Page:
Fear that the U.S. Navy will cut China's economic lifelines from afar beckons China's strategic gaze irresistibly seaward. An editorial in the official People's Daily last December captured China's broader geopolitical anxieties. The United States, the editors write, is intent on preserving "its hegemony across the world," including on the high seas in Asia. Focused on latter-day containment, Washington has stayed outside the U.N. Convention on the Law of the Sea. Why? Because, the editors write, it "considers exclusive economic zones to be international waters, which, by its hegemonic logic, should be included in the U.S. sphere of influence." In voicing their own fears, Chinese pundits -- not unreasonably -- impute fear to the United States. "Any fast-developing country," concludes the Daily, will be "instinctively seen" as a challenge to U.S. primacy. Such countries must construct strong military and naval forces, equipping themselves to resist a domineering America.

Such a bleak analysis would be instantly familiar to Thucydides, who found the "real cause" of the Peloponnesian War in the "growth of the power of Athens, and the alarm which this inspired in Sparta." Fear made great-power war "inevitable." From Beijing's standpoint, assenting to permanent U.S. maritime supremacy would amount to knuckling under to Thucydides's law condemning the weak to remain subservient to the strong. Dread of what U.S. leaders might do with overwhelming sea power helps account for China's quest for a great navy.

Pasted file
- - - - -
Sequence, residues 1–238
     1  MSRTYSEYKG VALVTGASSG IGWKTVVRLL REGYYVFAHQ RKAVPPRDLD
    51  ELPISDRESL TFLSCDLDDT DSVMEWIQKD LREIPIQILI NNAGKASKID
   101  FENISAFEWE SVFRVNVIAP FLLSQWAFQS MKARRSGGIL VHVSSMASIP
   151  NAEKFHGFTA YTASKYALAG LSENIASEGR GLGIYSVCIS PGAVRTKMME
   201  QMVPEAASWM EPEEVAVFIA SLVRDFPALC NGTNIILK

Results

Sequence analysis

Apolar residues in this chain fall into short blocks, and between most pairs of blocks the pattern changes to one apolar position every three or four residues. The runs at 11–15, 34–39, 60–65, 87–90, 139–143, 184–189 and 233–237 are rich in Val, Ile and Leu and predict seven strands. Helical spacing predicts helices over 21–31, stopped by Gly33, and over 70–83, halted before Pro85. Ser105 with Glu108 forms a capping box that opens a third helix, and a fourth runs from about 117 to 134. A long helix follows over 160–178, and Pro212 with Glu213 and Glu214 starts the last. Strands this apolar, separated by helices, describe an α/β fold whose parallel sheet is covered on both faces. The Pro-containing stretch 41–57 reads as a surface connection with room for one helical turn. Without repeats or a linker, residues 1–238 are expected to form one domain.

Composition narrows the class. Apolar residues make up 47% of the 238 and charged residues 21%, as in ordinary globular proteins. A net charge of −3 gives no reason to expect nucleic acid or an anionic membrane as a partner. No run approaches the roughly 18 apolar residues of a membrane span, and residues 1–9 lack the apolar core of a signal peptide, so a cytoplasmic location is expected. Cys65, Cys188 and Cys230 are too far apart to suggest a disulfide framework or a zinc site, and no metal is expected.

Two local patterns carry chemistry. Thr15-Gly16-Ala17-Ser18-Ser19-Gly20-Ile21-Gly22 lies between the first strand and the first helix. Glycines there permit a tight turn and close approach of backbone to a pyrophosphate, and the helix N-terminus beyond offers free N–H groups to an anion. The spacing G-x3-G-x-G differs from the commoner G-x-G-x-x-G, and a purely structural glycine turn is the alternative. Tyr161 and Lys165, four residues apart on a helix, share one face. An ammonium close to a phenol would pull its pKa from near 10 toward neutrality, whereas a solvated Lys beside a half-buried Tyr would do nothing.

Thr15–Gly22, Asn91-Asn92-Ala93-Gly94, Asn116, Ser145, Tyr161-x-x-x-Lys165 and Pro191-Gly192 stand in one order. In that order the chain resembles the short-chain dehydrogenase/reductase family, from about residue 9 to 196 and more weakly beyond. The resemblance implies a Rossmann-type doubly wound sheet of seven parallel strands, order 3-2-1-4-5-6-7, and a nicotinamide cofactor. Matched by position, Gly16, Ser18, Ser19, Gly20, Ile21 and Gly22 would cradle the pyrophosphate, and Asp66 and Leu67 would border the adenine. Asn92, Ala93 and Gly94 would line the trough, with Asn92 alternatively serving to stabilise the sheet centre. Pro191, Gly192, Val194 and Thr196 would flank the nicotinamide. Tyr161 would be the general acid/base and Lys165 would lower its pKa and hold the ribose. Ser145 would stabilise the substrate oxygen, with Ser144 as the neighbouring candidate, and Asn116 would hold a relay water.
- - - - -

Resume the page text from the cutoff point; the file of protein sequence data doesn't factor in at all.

But why aircraft carriers specifically? Beijing is already fielding an impressive cruise-missile navy specifically designed to deny U.S. naval forces access to Asian seas and skies during a Taiwan confrontation or some other upheaval. Cruise missiles, augmented by submarines, ballistic missiles, and land-based tactical aircraft, would be far more lethal against the U.S. Navy than any carrier fleet Beijing will put to sea anytime soon. Writing in International Security, Boston College professor Robert Ross ascribes China's carrier-centric naval buildup to "naval nationalism." In this view, high-end warships represent tokens of great power that Beijing simply must have to fulfill its destiny as a seafaring state. Such talismans fire popular enthusiasm for nautical endeavors, and for the state that undertakes them.